Re-Capturing The Friedman Story


A self-described introvert, Arline Epstein has never thought of herself as an activist, but more like someone who tries to do the right thing. And that’s just what she thought she was doing 24 years ago when she put her 10-year-old son Mike in therapy after police and other parents convinced her — over Mike’s initial insistence to the contrary — that he had been molested by a popular retired schoolteacher named Arnold Friedman and his son Jesse during after-school computer classes in their Great Neck home.

The local therapists working closely with parents and law enforcement at the time argued, Arline recalls, that denials of abuse like Mike’s — particularly in the face of a detailed confession by Arnold and, later, Jesse and another defendant, Ross Goldstein — were caused by shame and/or an inability to remember the traumatic events. Healing, they believed, could come only through the children “opening up” about what had happened to them.

The only problem was that Mike was, in fact, never abused, though he did at some point decide to tell his therapist, Dr. David Pelcovitz, that he had been, hoping that such a disclosure would put an end to the unpleasant therapy sessions and get him back to his normal childhood life. It worked.

Though a number of other children agreed to press charges against the Friedmans, Mike never did, and the whole episode became a part of his past — until recently, when he decided to tell first the Nassau County district attorney and then his parents about his childhood lie.

And now, once again, Arline Epstein is trying to do the right thing.

Like her son, she is planning to speak with Nassau County District Attorney Kathleen Rice’s office and share with it copies of copious and detailed notes — a lifelong habit she attributes to a bad memory — she took as the case was unfolding and which contain information that seems to shed important new light on the actions and mindset of the police, therapists and parents at the time. And she is also reaching out to a number of parents of other alleged Friedman victims from whom she once sought solace and support, but whom she now believes should also know what she has learned.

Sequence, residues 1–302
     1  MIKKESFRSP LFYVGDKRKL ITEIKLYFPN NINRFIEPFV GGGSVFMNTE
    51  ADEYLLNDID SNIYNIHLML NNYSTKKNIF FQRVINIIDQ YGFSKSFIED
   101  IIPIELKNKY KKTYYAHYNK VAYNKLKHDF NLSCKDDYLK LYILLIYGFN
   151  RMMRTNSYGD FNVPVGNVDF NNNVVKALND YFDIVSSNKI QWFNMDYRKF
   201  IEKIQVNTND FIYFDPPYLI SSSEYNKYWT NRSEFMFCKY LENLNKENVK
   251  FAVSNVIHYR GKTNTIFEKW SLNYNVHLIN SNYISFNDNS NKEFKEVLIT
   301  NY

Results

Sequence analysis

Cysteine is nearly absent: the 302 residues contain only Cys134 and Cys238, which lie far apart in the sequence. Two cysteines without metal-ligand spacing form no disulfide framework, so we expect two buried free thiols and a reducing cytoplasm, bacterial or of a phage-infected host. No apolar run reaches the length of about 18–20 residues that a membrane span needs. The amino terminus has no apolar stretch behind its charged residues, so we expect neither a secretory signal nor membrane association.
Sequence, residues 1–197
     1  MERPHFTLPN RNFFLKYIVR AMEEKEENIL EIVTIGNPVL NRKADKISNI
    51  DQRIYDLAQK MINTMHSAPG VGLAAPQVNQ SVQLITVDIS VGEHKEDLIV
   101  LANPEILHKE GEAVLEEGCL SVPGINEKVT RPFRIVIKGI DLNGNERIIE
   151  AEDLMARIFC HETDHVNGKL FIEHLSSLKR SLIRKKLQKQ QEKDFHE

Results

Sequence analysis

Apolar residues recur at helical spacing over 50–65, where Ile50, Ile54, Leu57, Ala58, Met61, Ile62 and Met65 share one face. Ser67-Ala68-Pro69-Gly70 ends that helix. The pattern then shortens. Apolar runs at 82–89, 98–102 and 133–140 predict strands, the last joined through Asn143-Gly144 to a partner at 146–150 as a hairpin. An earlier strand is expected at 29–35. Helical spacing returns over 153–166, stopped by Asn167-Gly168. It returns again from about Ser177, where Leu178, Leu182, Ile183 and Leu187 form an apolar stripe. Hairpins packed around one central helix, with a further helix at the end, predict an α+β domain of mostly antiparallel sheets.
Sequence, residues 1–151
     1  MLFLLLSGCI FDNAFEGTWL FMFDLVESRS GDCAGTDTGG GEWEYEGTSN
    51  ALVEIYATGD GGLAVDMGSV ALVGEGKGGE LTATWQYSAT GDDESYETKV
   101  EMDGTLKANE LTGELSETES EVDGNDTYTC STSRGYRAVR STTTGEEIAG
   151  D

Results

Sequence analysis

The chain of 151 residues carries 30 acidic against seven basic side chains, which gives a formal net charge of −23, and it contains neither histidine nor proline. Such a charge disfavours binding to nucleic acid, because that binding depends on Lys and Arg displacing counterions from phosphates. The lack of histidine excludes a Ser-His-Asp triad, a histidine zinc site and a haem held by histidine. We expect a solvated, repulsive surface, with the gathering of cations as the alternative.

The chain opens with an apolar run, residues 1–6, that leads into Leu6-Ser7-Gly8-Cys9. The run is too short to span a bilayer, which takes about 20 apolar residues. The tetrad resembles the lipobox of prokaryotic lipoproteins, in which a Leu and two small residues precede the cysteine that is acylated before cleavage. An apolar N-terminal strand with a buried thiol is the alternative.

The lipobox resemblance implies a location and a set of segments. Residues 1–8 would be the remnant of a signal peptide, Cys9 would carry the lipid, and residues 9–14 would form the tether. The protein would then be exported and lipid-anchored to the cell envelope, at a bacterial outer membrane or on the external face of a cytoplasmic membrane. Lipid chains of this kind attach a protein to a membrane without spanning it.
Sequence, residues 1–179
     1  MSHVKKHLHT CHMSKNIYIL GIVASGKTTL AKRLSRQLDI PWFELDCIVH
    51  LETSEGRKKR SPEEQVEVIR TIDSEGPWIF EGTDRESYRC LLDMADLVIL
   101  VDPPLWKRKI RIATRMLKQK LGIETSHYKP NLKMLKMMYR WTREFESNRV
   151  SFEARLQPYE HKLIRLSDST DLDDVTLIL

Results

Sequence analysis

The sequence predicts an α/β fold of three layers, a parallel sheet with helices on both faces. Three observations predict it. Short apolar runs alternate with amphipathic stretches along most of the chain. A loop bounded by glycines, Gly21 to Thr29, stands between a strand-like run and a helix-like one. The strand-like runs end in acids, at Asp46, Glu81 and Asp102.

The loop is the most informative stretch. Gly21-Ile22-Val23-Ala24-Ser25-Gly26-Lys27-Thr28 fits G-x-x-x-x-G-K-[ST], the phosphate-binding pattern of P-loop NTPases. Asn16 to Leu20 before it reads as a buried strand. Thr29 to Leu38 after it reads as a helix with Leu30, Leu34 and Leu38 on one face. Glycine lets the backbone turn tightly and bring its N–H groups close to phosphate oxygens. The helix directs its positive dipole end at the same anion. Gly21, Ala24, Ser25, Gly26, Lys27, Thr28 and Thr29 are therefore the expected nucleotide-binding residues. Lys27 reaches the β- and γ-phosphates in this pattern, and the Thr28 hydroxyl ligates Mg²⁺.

“This stunning revelation has caused a complete change in how I regard these events that unfolded in Great Neck 25 years ago,” Arline told The Jewish Week. “It seems extremely likely to me that a horrible injustice has been done. This must not be ignored, even if re-examining and confronting what really happened is difficult or painful.”

Arline said she recently mailed letters to seven mothers whose boys were allegedly abused urging them to consider the possibility that the Friedmans were, in fact, innocent.

“I cannot know how other parents will respond. I can only hope that we will all keep trying to get at the truth.”

In August 2010, Rice announced that her office would launch a review of Jesse Friedman’s 1988 conviction resulting from his guilty plea (Jesse was released from prison in 2001 after serving 13 years of an 18-year sentence). Jesse, now 43, has long maintained his innocence despite the plea and the fact that he reiterated his guilt on Geraldo Rivera’s talk show immediately following his conviction. He has claimed that the circumstances of his family life — his father was an admitted pedophile under investigation for sending child pornography in the mail — as well as the climate in the community and statements by the judge at the time made him feel he had no choice but to take the deal or face spending the rest of his life in jail.